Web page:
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Friday, January 28, 2022

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Green Party candidate campaigns at UH


Green Party presidential candidate Jill Stein will host a meet-and-greet today at 11:30 a.m. until 2:30 p.m. at the University Center Satellite food court.
UH is the first stop in Stein’s appearances throughout Houston and San Antonio this week. Today and Friday, she will appear at other colleges including Lone Star College and Texas Southern University, as well as parks, churches and radio stations in Houston to promote her candidacy. On Oct. 7, she will return to Houston to host a fundraiser.
“I think it’s going to be received very enthusiastically,” said Deb Shafto, Green Party candidate for state representative, regarding Stein’s visit.
“I think the young adults, many of whom do not vote because they are so disenchanted with politics as it is, are going to be enthused and re-energized by the possibility of doing things differently.”
The Green Party of the United States is a left-wing party with an emphasis on environmentalism, nonviolence and grassroots democracy. Jill Stein, a physician from Massachusetts, announced that she would be running for president under the Green Party in October 2011. In July 2012, she announced anti-poverty activist Cheri Honkala as her running mate.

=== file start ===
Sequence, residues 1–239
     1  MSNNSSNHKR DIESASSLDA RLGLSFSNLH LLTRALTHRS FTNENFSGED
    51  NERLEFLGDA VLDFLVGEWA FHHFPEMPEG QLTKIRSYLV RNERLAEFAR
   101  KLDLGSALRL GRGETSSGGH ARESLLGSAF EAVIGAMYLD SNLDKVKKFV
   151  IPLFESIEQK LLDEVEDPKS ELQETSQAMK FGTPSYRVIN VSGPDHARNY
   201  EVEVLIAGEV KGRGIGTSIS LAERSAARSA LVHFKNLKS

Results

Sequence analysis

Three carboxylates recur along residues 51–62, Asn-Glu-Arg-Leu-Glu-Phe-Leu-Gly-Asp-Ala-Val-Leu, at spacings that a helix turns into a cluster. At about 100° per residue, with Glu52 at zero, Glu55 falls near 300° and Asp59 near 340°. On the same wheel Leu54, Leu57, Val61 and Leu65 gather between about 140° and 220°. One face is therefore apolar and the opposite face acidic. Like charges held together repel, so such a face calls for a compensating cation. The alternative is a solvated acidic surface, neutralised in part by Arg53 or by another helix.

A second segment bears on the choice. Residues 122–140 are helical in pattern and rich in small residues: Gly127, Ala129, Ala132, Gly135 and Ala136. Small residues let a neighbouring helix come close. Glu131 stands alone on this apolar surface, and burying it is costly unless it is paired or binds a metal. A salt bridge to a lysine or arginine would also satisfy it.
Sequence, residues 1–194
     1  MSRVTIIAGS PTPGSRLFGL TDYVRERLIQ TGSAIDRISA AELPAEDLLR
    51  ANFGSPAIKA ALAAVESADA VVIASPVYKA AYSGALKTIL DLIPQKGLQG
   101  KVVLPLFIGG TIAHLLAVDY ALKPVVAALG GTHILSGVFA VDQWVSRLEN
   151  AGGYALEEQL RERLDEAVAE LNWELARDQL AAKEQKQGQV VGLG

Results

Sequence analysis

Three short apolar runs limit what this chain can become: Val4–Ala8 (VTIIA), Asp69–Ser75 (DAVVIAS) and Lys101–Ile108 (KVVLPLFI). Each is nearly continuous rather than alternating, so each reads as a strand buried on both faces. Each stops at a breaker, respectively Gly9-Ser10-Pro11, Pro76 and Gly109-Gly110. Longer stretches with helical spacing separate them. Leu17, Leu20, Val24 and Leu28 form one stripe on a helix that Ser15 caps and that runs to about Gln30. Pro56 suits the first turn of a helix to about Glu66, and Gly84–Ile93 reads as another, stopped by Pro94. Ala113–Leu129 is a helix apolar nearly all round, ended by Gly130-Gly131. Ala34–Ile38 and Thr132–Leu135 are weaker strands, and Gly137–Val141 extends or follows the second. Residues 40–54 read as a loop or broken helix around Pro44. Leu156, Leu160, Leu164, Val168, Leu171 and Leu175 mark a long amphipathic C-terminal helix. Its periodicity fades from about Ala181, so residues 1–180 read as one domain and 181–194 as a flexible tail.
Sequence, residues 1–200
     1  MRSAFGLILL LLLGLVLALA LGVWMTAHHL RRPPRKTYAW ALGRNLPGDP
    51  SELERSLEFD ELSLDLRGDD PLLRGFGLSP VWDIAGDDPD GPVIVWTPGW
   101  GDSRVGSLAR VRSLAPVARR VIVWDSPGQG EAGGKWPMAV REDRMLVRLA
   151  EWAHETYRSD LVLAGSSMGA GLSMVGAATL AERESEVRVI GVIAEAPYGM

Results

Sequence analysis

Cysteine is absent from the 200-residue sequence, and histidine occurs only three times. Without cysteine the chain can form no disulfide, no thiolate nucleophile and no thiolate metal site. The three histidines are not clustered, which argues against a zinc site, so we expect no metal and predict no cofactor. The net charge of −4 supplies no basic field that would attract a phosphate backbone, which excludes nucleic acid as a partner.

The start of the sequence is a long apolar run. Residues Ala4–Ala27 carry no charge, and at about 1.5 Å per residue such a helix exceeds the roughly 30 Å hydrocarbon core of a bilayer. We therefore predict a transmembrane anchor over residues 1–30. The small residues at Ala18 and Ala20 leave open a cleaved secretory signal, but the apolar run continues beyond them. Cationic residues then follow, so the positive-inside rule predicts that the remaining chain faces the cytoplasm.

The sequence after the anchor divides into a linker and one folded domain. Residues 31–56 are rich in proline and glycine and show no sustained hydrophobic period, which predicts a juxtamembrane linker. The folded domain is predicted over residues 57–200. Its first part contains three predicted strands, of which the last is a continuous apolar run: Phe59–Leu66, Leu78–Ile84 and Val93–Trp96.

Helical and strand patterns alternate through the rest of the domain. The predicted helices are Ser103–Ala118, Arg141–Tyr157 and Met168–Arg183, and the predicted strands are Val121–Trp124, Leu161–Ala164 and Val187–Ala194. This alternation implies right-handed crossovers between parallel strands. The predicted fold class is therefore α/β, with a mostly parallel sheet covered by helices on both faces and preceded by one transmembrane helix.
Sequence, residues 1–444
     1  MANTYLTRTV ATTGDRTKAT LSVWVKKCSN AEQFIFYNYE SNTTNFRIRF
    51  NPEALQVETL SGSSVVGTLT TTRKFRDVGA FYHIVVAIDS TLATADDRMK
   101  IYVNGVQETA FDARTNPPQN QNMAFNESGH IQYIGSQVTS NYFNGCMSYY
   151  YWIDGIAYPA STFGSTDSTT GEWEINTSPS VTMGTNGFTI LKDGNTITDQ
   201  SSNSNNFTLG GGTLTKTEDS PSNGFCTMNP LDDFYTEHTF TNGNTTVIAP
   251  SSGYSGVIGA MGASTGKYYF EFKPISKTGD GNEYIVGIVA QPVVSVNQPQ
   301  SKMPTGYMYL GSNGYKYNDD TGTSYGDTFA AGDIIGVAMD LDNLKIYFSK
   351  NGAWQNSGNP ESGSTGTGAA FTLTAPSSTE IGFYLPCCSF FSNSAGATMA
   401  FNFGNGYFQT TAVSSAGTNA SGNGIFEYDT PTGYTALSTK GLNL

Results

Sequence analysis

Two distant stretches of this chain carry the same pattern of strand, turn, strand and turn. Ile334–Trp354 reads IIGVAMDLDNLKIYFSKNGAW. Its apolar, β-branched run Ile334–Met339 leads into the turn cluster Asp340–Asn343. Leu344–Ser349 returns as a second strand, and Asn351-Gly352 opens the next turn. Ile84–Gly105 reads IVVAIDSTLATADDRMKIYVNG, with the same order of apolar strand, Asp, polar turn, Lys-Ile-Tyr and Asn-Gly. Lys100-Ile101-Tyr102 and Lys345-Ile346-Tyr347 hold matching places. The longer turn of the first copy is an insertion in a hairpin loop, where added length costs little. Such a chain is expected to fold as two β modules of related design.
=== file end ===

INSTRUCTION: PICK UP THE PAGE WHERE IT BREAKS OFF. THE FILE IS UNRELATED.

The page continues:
“(The Green Party) does not accept any corporate donations of any kind. So if there’s an opinion that you get from Jill Stein, it’s her real, clearest thinking, uninfluenced by outside forces,” said Shafto.
One of the most important issues in Stein’s campaign is considered to be the “Green New Deal,” a plan based off of former President Franklin D. Roosevelt’s “New Deal,” a program often attributed with ending the Great Depression.
“(Jill Stein will be received with) curiosity for some people,” said George Reiter, UH physics professor and co-chair of the Harris County Green Party. “Most people probably won’t have heard much about her, but I think they’ll be curious as to what the Green Party is and what it stands for, and who she is.”
The Green New Deal is a four-part plan, aiming to give economic rights to Americans while also reorganizing the financial center of the U.S., according to Stein’s website. Additionally, it attempts to institutionalize more environmentally friendly practices into government.
“The systems we’ve had are not working,” Shafto said. “People are unemployed, even the Democrats are willing to cut benefits to the working poor and the poor. We need a different kind of outlook on civilization as a whole, and we as Greens represent that different outlook.”
During her visit, Stein will be meeting staff and students and answer questions about her presidential run and the Green Party.
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